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Xi seen having few good options after Trump's G20 ultimatum to meet or else

by Peter Martin

Bloomberg

By now, Xi Jinping is used to Donald Trump’s tariff threats. But the U.S. president’s latest ultimatum is personal, and the Chinese leader’s response could have far-reaching consequences for his political future.

Trump on Monday said he could impose tariffs “much higher than 25 percent” on $300 billion in Chinese goods if Xi doesn’t meet him at the upcoming Group of 20 summit in Japan. China’s foreign ministry — which usually refuses to provide details of meetings until the very last minute — declined Tuesday to say whether the meeting would take place.

The brinkmanship puts Xi — China’s strongest leader in decades — in perhaps the toughest spot of his six-year presidency. If Xi caves to Trump’s threats, he risks looking weak at home. If he declines the meeting, he must accept the economic costs that come with Trump possibly extending the trade conflict through the 2020 presidential election.

“Whether they meet or not, none of the possible scenarios are good for President Xi or the economy in the long run,” said Zhang Jian, an associate professor at Peking University. “You don’t have a good choice which can meet the needs of the Chinese economy or Mr. Xi’s political calculations.”

Prodded by hawks in Washington to take a “whole of government” approach toward China, Trump may make it harder for Xi to compromise at the negotiating table. The U.S. administration’s efforts to sell arms to Taiwan and criticize China’s mass detention of ethnic Uighurs in the remote far west of the country are fueling nationalist fears in Beijing that the U.S. wants to weaken and contain its biggest rival.

The G20 summit in late June is one of the last chances for Trump and Xi to head off a conflict between the world’s biggest economies that appears to be worsening by the day. Besides tit-for-tat tariff hikes, the U.S. has blacklisted Huawei Technologies Co. and threatened other major Chinese tech firms, while Beijing is drawing up a list of “unreliable entities” that could face restrictions.

At the last meeting between Trump and Xi at the G20 in Argentina last year, they emerged with a 90-day truce that opened up space for more talks. Those collapsed last month after Trump accused China of reneging on parts of the agreement, leading to an increase in tariffs and stronger actions against Huawei.

The arguments for Xi to meet Trump mostly revolve around the need to prevent greater economic damage. China’s imports tumbled in May, underscoring domestic weakness that could hurt global growth.

Stalled talks

For China, 25 percent tariffs could result in a drag of nearly 1 percent on growth by 2021 if they remain in place, according to Bloomberg Economics.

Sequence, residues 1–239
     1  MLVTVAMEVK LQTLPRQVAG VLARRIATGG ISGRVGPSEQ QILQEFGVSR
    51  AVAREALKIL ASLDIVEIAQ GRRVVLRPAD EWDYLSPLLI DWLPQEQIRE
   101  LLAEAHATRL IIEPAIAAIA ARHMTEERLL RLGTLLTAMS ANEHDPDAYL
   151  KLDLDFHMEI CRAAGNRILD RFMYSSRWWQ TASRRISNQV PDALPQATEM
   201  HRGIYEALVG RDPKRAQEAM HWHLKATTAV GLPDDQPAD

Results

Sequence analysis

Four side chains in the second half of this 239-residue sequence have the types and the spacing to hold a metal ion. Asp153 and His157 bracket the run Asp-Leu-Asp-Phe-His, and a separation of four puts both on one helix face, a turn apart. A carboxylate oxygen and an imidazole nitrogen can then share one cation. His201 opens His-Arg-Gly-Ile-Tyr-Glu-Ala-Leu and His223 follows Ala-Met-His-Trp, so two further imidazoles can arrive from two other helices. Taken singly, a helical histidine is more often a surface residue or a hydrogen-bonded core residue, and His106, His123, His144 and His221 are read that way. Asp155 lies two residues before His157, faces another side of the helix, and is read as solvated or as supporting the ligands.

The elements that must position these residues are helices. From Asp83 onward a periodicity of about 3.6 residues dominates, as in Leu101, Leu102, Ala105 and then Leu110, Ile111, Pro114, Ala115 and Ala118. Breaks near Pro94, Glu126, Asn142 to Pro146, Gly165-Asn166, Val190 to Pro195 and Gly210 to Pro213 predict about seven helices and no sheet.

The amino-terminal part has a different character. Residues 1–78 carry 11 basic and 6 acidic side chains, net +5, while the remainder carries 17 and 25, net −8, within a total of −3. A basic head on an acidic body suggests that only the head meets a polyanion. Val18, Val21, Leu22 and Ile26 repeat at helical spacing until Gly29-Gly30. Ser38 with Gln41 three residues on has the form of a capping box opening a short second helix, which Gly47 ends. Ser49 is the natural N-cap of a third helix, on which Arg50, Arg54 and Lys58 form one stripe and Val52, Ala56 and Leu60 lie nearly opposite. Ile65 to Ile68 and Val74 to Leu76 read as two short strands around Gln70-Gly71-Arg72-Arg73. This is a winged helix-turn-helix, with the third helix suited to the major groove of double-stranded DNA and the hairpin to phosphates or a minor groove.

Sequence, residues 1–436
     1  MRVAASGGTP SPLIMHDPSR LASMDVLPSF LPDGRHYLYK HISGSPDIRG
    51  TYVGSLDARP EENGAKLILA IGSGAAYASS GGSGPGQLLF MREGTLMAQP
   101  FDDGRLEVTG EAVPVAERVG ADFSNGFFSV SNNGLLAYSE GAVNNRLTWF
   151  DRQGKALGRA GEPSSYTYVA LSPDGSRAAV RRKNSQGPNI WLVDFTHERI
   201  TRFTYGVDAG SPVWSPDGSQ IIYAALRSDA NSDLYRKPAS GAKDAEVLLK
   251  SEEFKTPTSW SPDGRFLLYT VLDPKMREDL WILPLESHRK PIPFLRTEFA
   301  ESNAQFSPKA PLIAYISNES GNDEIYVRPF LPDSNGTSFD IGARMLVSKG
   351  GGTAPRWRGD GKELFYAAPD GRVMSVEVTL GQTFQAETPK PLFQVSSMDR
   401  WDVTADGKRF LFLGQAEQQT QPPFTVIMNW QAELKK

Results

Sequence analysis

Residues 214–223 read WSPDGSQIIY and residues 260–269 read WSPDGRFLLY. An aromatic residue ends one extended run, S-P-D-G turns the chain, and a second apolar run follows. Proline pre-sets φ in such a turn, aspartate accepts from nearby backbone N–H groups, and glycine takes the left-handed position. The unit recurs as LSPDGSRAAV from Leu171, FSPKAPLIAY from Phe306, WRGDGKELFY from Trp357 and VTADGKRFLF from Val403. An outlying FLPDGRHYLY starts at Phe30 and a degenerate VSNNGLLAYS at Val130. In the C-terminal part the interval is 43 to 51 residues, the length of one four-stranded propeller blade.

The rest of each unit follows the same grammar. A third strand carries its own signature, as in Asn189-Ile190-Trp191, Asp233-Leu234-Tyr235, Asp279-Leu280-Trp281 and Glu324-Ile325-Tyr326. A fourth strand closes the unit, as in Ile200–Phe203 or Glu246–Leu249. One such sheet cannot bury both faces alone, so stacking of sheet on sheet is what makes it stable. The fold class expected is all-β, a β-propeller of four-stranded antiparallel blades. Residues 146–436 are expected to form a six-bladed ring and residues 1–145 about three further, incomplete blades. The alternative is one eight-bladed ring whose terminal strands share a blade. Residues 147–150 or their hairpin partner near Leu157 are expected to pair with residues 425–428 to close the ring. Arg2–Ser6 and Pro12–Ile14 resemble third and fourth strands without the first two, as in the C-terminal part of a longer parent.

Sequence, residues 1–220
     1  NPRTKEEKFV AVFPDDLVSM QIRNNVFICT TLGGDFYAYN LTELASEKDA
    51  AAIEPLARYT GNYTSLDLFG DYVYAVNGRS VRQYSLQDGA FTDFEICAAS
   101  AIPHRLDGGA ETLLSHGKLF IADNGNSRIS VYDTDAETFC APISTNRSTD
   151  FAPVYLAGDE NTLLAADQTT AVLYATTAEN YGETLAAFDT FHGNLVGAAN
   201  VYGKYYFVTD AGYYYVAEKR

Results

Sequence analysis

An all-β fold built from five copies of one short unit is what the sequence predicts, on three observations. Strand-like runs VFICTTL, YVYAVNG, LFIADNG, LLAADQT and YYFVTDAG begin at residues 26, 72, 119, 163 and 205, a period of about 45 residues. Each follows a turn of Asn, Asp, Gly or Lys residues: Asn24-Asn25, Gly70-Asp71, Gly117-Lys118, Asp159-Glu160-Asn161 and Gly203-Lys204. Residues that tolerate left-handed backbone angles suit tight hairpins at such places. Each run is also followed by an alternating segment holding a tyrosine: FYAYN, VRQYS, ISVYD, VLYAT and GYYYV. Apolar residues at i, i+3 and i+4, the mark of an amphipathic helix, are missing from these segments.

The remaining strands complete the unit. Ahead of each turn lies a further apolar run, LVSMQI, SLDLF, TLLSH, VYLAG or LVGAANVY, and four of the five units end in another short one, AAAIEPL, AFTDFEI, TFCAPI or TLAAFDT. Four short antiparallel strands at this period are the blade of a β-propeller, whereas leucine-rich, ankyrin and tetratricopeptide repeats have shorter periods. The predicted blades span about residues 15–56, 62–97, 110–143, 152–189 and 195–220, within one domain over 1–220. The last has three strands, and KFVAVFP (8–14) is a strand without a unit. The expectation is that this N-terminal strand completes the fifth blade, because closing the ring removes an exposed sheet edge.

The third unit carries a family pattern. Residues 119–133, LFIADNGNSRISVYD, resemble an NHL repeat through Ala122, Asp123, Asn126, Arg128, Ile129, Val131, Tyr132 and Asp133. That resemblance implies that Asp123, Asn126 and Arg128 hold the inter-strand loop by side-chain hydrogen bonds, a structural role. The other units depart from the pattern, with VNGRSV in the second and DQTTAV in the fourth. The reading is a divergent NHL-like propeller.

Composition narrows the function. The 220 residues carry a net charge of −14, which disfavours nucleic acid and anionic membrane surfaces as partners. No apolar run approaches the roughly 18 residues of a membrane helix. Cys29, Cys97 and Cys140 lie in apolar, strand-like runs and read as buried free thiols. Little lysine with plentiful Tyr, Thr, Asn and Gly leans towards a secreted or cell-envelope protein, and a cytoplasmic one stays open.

What’s more, Chinese officials increasingly feel working-level talks aren’t leading anywhere. One Chinese trade official said talks with the U.S. had reached a point where no further progress could be made without the intervention of the two presidents.

And besides, Trump has a track record of escalating tensions dramatically before cutting a deal in a personal meeting.

“The best approach for China is to not reply to Trump’s words, but wait a few days and then announce that Xi will attend the G20,” said Wang Peng, associate research fellow at the Chongyang Institute for Financial Studies at Renmin University of China. “Meeting Trump is risky for everybody, but Xi can manage and control that risk.”

Xi, however, also has reasons to avoid a meeting with Trump. China has repeatedly said it won’t be bullied or pressured into negotiating, and Xi could look as if he’s giving Trump a win by meeting him after an explicit threat.

Since talks collapsed, China’s state media have ramped up nationalist rhetoric. The Communist Party’s flagship People’s Daily newspaper ran a commentary in May saying China will never make decisions that “give up power and humiliate the country,” a phrase used in textbooks to describe the treaties China signed mostly in the 19th century.

Ignoring threats

“I don’t think the threat will work,” said He Weiwen, a former commerce ministry official who is now a senior research fellow at the Center for China and Globalization. “China will reiterate that the U.S. side must have sincerity if they want the talks to continue.”

Previous interactions with Trump don’t help much in making the decision. When Trump flirted with a more formalized relationship with Taiwan early on in his presidency, China refused any contact until he reaffirmed the U.S. “one China” policy. Within weeks, Trump caved.

Still, Xi has also watched as Trump repeatedly escalated a trade war despite hailing a personal friendship between the two men. And even assuming they do meet, the best outcome could be another temporary truce that only prolongs the uncertainty.

Either way, Xi has a lot riding on the decision. He became China’s most powerful leader possibly since Mao Zedong after scrapping term limits last year, a move that could backfire if the economy tanks.

“You can hardly blame anyone else for the conflict between China and the United States — he is the ultimate decision-maker,” said Zhang of Peking University. “Remember that we believe he wants a third or fourth term. If in 2020 you see the Chinese economy suffer, then his road to a third term looks less rosy.”